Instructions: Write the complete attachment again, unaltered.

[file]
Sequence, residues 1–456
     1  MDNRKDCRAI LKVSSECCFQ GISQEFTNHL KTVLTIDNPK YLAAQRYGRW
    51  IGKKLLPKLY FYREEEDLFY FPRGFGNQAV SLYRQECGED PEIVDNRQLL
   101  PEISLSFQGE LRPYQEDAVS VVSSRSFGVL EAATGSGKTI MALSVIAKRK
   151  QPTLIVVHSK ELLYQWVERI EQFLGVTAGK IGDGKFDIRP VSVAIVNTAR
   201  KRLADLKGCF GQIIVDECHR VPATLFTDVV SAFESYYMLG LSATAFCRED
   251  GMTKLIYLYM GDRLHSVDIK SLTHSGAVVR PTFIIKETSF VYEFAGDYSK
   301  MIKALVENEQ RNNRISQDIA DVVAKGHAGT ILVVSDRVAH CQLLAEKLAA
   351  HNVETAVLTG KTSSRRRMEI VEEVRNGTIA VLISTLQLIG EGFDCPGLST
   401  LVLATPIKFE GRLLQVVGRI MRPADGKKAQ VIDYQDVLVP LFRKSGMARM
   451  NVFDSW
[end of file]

Sequence, residues 1–456
     1  MDNRKDCRAI LKVSSECCFQ GISQEFTNHL KTVLTIDNPK YLAAQRYGRW
    51  IGKKLLPKLY FYREEEDLFY FPRGFGNQAV SLYRQECGED PEIVDNRQLL
   101  PEISLSFQGE LRPYQEDAVS VVSSRSFGVL EAATGSGKTI MALSVIAKRK
   151  QPTLIVVHSK ELLYQWVERI EQFLGVTAGK IGDGKFDIRP VSVAIVNTAR
   201  KRLADLKGCF GQIIVDECHR VPATLFTDVV SAFESYYMLG LSATAFCRED
   251  GMTKLIYLYM GDRLHSVDIK SLTHSGAVVR PTFIIKETSF VYEFAGDYSK
   301  MIKALVENEQ RNNRISQDIA DVVAKGHAGT ILVVSDRVAH CQLLAEKLAA
   351  HNVETAVLTG KTSSRRRMEI VEEVRNGTIA VLISTLQLIG EGFDCPGLST
   401  LVLATPIKFE GRLLQVVGRI MRPADGKKAQ VIDYQDVLVP LFRKSGMARM
   451  NVFDSW